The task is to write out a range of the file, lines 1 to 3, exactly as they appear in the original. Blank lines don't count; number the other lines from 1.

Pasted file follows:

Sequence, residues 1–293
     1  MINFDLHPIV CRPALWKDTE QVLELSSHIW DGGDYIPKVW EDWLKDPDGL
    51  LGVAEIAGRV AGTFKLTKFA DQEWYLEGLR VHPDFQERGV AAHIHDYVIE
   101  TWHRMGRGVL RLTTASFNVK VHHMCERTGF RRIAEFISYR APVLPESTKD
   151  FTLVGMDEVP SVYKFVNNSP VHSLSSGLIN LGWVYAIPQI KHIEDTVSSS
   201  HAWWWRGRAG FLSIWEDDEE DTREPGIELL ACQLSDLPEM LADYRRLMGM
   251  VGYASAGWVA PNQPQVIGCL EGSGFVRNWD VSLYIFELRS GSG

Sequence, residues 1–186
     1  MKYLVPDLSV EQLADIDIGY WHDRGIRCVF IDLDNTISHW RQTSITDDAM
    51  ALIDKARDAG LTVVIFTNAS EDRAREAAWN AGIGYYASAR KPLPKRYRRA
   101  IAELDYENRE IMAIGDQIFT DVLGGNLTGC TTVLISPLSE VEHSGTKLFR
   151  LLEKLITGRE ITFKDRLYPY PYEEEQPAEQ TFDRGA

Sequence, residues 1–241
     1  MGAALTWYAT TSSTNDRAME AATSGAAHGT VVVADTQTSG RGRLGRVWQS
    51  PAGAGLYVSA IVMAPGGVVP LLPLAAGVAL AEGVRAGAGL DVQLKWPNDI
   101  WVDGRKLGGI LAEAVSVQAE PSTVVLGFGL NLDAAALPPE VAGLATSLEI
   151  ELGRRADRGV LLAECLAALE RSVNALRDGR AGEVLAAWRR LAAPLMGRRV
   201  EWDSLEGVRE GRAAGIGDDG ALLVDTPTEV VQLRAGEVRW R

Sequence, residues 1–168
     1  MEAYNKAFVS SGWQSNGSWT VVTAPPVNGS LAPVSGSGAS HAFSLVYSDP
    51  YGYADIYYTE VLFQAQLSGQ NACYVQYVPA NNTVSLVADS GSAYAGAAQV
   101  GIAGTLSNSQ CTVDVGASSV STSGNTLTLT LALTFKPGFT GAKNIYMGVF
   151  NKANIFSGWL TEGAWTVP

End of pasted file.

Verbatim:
Sequence, residues 1–293
     1  MINFDLHPIV CRPALWKDTE QVLELSSHIW DGGDYIPKVW EDWLKDPDGL
    51  LGVAEIAGRV AGTFKLTKFA DQEWYLEGLR VHPDFQERGV AAHIHDYVIE